Monsanto Co. has asked a San Francisco federal court to allow it to continue selling its genetically modified Roundup Ready Alfalfa while the USDA conducts a court-ordered environmental impact study.
LOS ANGELES, Calif. -- Monsanto Co. has asked a San Francisco federal court to allow it to continue selling its genetically modified Roundup Ready Alfalfa while the USDA conducts a court-ordered environmental impact study.
Monsanto, its seed distributors and growers stand to lose up to $250 million if the alfalfa, which was designed to survive the company's Roundup herbicide, is taken off the market for the two years it takes to complete the study, the company said in court papers filed late Friday.
Earlier this month, U.S. District Judge Charles Breyer halted the sale of the modified alfalfa at the request of farmers, environmentalists and consumer advocates who say that it could harm the U.S. economy and the environment.
The judge voided the U.S. Department of Agriculture's 2005 approval of Roundup Ready Alfalfa, finding the agency had not conducted a full environmental impact statement. Breyer banned seed sales and gave farmers until March 30 to plant seeds they had already purchased.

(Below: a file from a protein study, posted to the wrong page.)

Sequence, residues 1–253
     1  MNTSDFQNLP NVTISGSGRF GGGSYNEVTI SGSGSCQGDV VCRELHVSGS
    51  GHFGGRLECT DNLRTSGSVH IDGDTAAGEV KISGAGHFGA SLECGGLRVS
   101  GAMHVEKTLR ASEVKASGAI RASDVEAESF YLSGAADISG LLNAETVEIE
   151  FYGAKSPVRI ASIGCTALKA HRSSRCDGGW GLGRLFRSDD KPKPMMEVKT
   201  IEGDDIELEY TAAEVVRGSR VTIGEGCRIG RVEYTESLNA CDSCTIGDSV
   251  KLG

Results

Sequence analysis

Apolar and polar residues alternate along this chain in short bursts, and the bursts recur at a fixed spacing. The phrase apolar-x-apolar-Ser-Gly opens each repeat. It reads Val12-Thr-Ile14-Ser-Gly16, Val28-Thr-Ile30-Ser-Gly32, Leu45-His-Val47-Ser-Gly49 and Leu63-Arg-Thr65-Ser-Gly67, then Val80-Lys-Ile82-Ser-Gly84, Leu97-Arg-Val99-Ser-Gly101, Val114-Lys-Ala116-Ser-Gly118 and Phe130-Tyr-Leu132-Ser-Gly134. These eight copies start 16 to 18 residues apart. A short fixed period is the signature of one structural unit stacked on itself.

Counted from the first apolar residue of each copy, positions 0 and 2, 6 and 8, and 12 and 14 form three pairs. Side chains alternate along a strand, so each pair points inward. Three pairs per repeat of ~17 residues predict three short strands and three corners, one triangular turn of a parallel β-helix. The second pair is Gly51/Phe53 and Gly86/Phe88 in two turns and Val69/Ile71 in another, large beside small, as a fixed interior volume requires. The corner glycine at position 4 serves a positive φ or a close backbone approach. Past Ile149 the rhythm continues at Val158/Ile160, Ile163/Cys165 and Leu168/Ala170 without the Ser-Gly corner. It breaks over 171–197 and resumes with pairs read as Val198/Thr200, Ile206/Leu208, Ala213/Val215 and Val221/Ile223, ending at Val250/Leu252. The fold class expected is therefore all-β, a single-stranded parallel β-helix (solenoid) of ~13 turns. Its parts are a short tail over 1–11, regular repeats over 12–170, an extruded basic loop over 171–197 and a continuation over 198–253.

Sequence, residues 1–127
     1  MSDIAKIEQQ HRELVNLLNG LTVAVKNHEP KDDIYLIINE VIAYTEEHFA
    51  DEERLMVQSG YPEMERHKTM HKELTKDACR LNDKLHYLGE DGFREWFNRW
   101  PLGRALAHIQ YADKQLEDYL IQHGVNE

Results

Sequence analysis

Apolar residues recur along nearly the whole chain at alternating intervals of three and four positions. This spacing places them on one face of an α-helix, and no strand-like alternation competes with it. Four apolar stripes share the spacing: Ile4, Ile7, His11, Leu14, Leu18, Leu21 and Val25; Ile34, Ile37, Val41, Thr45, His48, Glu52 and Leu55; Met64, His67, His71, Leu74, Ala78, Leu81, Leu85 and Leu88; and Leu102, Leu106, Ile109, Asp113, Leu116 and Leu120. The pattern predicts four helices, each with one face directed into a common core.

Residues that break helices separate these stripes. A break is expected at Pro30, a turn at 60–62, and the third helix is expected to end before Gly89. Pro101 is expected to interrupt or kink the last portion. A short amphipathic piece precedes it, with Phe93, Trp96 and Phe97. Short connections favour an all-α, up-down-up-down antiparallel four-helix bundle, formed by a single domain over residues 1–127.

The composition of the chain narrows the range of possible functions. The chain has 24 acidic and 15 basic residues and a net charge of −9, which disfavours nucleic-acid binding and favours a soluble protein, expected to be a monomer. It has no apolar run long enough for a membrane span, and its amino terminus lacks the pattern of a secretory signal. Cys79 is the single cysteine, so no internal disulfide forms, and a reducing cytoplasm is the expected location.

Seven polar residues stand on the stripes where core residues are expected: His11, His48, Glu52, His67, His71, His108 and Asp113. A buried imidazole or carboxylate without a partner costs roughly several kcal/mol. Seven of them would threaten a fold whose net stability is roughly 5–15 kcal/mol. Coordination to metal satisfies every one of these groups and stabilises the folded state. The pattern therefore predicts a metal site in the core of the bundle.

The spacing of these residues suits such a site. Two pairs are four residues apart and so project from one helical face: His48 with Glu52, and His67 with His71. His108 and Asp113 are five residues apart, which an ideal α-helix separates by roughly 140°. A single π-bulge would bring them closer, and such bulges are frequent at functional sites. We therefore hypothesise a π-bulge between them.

Judge Breyer has set a hearing for April 27 to consider the plaintiffs' request for a permanent injunction.
Alfalfa, a fodder crop pollinated by bees and wind, is among the most widely grown crops in the United States, along with corn, soybeans and wheat.
In its brief, Monsanto presented testimony from scientists who said there was an "extremely low" risk that Roundup Ready Alfalfa would pollinate conventional crops if "appropriate stewardship measures" were taken.
Those measures include making sure that Roundup Ready crops are grown as much as 3 miles away from conventional crops to prevent cross-pollination.
Monsanto argued that a continued ban on Roundup Ready seed would force farmers "to plant lower-yield alfalfa breeds that pose more complicated and costly weed control problems, and require the use of more toxic or environmentally problematic herbicides."
The Center for Food Safety, which is among the groups that sought the injunction, said Breyer's order marks the first time a federal court has overturned a USDA approval of a biotech seed and halted planting.
The Center and other plaintiffs have argued that the biotech alfalfa could create super weeds resistant to herbicides, cause farmers to lose export business and contaminate natural and organic alfalfa.
They also alleged that Monsanto could try to force farmers whose crops were contaminated with Roundup Ready Alfalfa to pay for the company's patented gene technology whether they wanted it or not.